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International Carmakers Confident of Market Revival

Published: August 29, 2014 (Issue # 1826)



  • The Ford Focus sedan was the bestseller in its segment in Russia between January and August 2013, but has not sold even half that number during the same period this year.
    Photo: Vladimir Filonov / SPT

International carmakers are hopeful that Russia can become Europe's biggest market and vindicate their decision to spend more on localizing production in the country, company executives said on the sidelines of the Moscow International Automobile Salon on Thursday.

If that is to happen, Russia's car market will need to stage a dramatic recovery. Sales in Russia have dropped by almost 10 percent in the first seven months of 2014 compared with the same period last year, according to the Association of European Businesses, a decline widely attributed to Russia's economic slowdown combined with geopolitical tensions over Ukraine.

The forecasts for the next four months are not positive. "By the end of the year we expect Russia's car market to decline by about 12 percent. But considering the negative impact the geopolitical tension has on trade, the decline could be even heavier," said Kay Lindemann, managing director of the German Association of the Automotive Industry.

But any car manufacturers looking for reasons to be optimistic need only look back a couple of years. The Russian automobile market quickly regenerated after the financial crisis of 2008-09, and by the end of 2012 annual car sales were close to 3 million units, double 2009 levels.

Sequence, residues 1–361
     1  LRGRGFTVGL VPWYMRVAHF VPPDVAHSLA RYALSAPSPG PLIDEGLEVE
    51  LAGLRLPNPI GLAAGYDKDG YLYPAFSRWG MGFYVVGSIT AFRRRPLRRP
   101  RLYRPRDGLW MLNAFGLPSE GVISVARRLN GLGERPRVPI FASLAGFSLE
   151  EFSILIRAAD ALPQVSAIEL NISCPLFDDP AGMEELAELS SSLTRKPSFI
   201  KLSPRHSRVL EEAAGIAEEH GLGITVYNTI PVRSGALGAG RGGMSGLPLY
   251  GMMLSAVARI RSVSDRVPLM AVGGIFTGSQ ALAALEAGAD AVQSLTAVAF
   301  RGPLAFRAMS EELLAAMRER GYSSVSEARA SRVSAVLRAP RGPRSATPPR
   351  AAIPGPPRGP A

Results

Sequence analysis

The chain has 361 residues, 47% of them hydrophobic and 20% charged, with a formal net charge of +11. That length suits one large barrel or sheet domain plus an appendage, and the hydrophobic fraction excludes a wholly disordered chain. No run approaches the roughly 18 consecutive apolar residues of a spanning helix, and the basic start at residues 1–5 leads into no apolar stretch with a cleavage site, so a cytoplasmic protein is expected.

Prior to the current crisis, German carmakers were enjoying overall market growth in Russia, with the share of locally produced and imported German brands rising to 20 percent in 2012.

At the same time, German car producers were ramping up local production not only of car chassis, but of components as well, Lindemann said, adding that exports by Russian auto-part producers to Germany have gone from 27 percent last year to 41 percent this year.

The 3 Big Issues

Ford Sollers, a joint venture that handles production of the U.S. company's vehicles in Russia, has been one of the hardest-hit this year, with sales falling 52 percent in July.

The company has had to cut costs and production, and keep its prices at relatively low levels.

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ALL ABOUT TOWN

Sunday, Oct. 26


Zenit St. Petersburg returns home for the first time in nearly a month as they host Mordovia Saransk in a Russian Premier League game. Currently at the top of the league thanks to their undefeated start to the season, the northern club hopes to extend the gap between them and second-place CSKA Moscow and win the title for the first time in three years. Tickets are available at the stadium box office or on the club’s website.



Monday, Oct. 27


Today marks the end of the art exhibit “Neophobia” at the Erarta Museum. Artists Alexey Semichov and Andrei Kuzmin took a neo-modernist approach to represent the array of fears that are ever-present throughout our lives. Tickets are 200 rubles ($4.90).



Tuesday, Oct. 28


The Domina Prestige St. Petersburg hotel plays host to SPIBA’s Marketing and Communications Committee’s round table discussion on “Government Relations Practices in Russia” this morning. The discussion starts at 9:30 a.m. and participation must be confirmed by Oct. 24.



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